CBS News 2007-06-28
"Kenneth Case and Ricardo, a fellow consultant for The Maldon Group, sat at a brightly polished conference table for 20, a pitcher of water zested with lemon nearby, and waited for the pitch. Among the bipartisan suits doing the selling were a former aide to Rep. Roy Blunt, the second-ranking Republican in the U.S. House, and Chuck Dolan, a top public relations consultant for the 2004 Kerry-Edwards campaign. There were specialists with serious domestic and political connections and experts in dealing with the nation's top news organizations. Case had come to Cassidy & Associates with a problem. It seems The Maldon Group had considerable interests in Turkmenistan, on the northern borders of Iran and Afghanistan, a country with the fifth-largest reserve of natural gas in the world and a wealth of oil. Investors, however, were having nothing to do with this backward former Soviet republic because, until his death in December 2006, the country had been under the heel of Stalinist despot Saparmurat Niyazov. That Niyazov had been succeeded by his personal dentist, Kurbanguly Berdymukhamedov, did not exactly kindle confidence. Was it possible, given this climate, that Cassidy & Associates could make the U.S. government see that Berdymukhamedov had reforms planned for Turkmenistan, that things were looking up? Case asked."
American Journalism Review 2007-10-01
"Foreign governments with poor records on human rights, democracy, and freedom of press still manage to find friends in high places in Washington. Ken Silverstein, Washington editor of Harper's Magazine, went undercover to find out just how far some lobbyists go to promote the interests of dictators."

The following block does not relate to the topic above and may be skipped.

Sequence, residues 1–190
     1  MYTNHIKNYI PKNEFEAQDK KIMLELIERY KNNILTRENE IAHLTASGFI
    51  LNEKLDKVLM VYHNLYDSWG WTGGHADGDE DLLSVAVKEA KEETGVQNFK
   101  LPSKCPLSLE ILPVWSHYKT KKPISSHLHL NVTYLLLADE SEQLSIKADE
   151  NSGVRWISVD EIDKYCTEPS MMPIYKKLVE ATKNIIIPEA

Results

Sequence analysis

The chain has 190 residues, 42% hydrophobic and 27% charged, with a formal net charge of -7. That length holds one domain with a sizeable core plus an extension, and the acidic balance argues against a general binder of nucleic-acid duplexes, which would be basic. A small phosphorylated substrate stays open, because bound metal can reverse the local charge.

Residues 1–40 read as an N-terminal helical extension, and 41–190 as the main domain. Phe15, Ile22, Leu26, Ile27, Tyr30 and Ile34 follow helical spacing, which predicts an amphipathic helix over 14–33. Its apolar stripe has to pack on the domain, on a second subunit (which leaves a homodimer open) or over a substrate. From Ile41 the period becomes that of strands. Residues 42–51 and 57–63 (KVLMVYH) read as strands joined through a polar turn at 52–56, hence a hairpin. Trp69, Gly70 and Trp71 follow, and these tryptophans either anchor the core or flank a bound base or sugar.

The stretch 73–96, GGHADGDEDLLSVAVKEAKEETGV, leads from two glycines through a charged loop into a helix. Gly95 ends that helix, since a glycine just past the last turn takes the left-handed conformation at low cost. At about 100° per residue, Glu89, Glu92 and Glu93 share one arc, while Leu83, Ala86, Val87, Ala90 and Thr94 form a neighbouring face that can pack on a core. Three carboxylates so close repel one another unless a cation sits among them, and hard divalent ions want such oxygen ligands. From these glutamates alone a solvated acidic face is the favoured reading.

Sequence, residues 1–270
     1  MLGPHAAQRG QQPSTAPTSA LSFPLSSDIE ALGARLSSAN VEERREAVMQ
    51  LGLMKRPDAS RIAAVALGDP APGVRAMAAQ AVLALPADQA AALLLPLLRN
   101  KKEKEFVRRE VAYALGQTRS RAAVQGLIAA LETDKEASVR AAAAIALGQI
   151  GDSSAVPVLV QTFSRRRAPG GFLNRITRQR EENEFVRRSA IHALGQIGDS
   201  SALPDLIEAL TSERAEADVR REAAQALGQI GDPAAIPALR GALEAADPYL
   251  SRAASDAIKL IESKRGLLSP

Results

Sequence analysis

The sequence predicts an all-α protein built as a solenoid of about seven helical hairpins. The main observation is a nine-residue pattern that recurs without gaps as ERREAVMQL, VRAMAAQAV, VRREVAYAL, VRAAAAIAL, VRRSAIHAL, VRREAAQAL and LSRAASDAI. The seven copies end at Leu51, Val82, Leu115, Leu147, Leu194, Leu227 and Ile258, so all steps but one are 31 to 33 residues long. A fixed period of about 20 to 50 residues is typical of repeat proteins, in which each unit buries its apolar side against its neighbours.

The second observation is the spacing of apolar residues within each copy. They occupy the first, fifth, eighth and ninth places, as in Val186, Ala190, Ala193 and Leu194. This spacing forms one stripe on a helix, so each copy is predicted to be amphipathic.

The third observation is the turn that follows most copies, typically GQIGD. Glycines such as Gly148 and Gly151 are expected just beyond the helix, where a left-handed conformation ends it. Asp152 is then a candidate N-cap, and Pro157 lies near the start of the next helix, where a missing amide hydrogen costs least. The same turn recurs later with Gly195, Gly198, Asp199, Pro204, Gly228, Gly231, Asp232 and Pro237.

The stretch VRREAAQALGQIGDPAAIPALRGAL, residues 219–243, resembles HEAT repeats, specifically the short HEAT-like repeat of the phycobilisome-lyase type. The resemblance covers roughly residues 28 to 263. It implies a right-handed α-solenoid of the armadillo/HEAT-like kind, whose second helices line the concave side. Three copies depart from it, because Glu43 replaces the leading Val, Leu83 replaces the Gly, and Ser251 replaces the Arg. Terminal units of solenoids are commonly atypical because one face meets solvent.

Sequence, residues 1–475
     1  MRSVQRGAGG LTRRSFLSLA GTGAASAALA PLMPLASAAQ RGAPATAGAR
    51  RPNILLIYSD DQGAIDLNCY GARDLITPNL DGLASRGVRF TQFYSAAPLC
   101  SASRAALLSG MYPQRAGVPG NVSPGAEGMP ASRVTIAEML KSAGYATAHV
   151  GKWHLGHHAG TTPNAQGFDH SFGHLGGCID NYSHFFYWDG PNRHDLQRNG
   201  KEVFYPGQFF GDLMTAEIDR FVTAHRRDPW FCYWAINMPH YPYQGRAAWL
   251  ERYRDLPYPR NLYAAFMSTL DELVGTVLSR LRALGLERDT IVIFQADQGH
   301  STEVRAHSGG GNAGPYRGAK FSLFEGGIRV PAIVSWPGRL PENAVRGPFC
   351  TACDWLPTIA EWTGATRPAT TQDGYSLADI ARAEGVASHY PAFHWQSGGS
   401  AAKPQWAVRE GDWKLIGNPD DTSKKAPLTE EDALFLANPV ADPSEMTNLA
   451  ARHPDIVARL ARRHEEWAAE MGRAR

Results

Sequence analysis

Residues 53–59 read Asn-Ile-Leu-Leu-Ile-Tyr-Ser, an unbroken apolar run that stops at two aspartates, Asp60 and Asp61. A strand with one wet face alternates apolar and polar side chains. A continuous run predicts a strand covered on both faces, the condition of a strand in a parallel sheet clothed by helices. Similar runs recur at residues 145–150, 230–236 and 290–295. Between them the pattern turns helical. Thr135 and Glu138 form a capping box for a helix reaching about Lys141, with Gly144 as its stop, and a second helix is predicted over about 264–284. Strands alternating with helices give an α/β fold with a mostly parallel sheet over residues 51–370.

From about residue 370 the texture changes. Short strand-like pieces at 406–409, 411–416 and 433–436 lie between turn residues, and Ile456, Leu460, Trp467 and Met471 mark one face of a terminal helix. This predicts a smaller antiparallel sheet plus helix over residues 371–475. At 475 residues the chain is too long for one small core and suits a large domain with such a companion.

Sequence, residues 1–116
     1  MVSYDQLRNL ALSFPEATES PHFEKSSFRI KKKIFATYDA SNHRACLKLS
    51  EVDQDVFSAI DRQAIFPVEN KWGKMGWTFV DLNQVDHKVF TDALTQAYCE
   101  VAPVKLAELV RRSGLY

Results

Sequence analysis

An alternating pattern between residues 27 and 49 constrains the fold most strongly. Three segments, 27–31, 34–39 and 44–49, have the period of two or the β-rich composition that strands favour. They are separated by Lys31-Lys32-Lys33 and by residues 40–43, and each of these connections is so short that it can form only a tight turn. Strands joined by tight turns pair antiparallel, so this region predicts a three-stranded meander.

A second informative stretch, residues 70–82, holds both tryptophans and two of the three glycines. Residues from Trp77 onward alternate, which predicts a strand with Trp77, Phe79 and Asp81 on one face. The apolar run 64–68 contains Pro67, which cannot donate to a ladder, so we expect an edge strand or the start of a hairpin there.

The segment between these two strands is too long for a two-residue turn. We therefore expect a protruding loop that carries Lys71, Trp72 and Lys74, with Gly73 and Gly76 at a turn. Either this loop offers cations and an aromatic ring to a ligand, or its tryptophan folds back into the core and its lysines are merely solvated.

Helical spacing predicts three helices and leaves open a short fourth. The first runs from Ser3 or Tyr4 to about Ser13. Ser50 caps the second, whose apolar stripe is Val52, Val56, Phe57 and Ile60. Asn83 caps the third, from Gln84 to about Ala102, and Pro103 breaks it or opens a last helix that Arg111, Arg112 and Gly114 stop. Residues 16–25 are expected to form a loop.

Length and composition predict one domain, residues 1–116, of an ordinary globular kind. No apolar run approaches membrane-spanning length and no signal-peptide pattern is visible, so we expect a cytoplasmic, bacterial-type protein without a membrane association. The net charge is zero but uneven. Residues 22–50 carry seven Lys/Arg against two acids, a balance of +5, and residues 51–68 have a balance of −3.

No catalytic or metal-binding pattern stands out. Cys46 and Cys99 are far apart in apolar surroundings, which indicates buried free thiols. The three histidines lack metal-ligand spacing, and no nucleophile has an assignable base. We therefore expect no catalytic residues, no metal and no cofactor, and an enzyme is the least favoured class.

Talk of the Nation 2007-06-19
Ken Silverstein of Harper's Magazine found out firsthand what U.S. lobbyists are willing to offer the leaders of oppressive regimes. His article in the July issue is "Their Men in Washington: Undercover with D.C.'s Lobbyists for Hire."
The Leonard Lopate Show 2009-11-05
EARLIER THIS YEAR, I put on a brand-new tailored suit, picked up a sleek leather briefcase and headed to downtown Washington for meetings with some of the city's most prominent lobbyists. I had contacted their firms several weeks earlier, pretending to be the representative of a London-based energy company with business interests in Turkmenistan. I told them I wanted to hire the services of a firm to burnish that country's image.I didn't mention that Turkmenistan is run by an ugly, neo-Stalinist regime. They surely knew that, and besides, they didn't care. As I explained in this month's issue of Harper's Magazine, the lobbyists I met at Cassidy & Associates and APCO were more than eager to help out. In exchange for fees of up to $1.5 million a year, they offered to send congressional delegations to Turkmenistan and write and plant opinion pieces in newspapers under the names of academics and think-tank experts they would recruit. They even offered to set up supposedly "independent" media events in Washington that would promote Turkmenistan (the agenda and speakers would actually be determined by the lobbyists). All this, Cassidy and APCO promised, could be done quietly and unobtrusively, because the law that regulates foreign lobbyists is so flimsy that the firms would be required to reveal little information in their public disclosure forms. Now, in a fabulous bit of irony, my article about the unethical behavior of lobbying firms has become, for some in the media, a story about my ethics in reporting the story. The lobbyists have attacked the story and me personally, saying that it was unethical of me to misrepresent myself when I went to speak to them.
Los Angeles Times 2007-06-30